Human beings are monotypic: we’re the only species within our taxonomic genus. Monotypic genera are relatively rare—it’s unusual for there to be no other species within a genus, especially among higher level complex organisms. (*)
I’m not a fan of Arthur Conan Doyle’s original Sherlock Holmes stories (although I’ve read all of them at least once, some more than once, and I’ve see all of the major BBC television adaptations). I dislike Victorian literature in general.
I’m also not much of a fan of contemporary paranormal fiction—I don’t dislike it but it’s not something I seek out.
So there’s really no reason why I should like G. S. Denning’s “Warlock Holmes” series as much as I do.
This review was first published by Booklist on June 7, 2017.
Sandman Slim is dead (for real this time) and abandoned in a desolate part of the Tenebrae, the land of the dead. He’s discovered by a motorized roving gang trailing destruction and death in its wake, led by a religious fanatic looking for an ultimate weapon to kill God. Slim runs into some old friends along the way. It culminates in a fight between angels at the gates of Heaven itself. And Wormwood is up to something, as always. All because Sandman Slim tried to break open Heaven. This is Kadrey’s version of a Mad Max movie laid out as a cautionary tale about religious fanaticism. It’s a fast-paced story and an ideal setting to show off more of his richly imagined hereafter. The ending puts Sandman Slim right where he most wants to be, but in the last position he ever wanted. This entry in the series is plenty entertaining, but there are a few too many coincidences to be believable. Kadrey’s social criticism is much more obvious than usual, and it hits closer to home.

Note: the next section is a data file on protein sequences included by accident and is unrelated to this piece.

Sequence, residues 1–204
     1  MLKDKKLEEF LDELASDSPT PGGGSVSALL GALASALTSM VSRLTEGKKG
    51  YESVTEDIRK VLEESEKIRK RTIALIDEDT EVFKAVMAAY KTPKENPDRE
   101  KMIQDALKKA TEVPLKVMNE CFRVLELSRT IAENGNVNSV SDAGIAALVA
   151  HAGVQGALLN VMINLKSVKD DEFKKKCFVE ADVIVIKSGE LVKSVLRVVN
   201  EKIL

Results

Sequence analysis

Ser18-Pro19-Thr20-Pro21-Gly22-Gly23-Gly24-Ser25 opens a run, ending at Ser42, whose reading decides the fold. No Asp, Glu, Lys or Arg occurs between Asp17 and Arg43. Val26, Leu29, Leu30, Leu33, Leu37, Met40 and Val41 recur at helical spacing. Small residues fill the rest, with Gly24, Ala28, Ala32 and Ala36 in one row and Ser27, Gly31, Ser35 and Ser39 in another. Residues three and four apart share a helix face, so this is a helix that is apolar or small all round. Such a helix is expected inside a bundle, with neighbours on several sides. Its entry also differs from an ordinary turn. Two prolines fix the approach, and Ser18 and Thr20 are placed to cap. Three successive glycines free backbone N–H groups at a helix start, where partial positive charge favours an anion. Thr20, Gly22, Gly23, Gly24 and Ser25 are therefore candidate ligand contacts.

I started getting headaches in my mid-20s. I threw out my back at work one day and never did anything to fix it—I relied on my standard “ignore it and it’ll go away” strategy. This caused entrenched muscle imbalances, which led to steadily mounting tension along the length of my spine, which eventually came to rest in my neck and shoulders.
I started getting tension headaches at the back of my head, where my spine connects to my skull. These headaches are a dull throb on one side or the other, sometimes nothing much, sometimes bad enough to make me sweaty and nauseous and shaky. I always knew when one was coming on because it would be preceded by a few hours of mounting tension in my back and shoulders. I always knew when one would be really bad because my neck would start cracking every time I moved my head.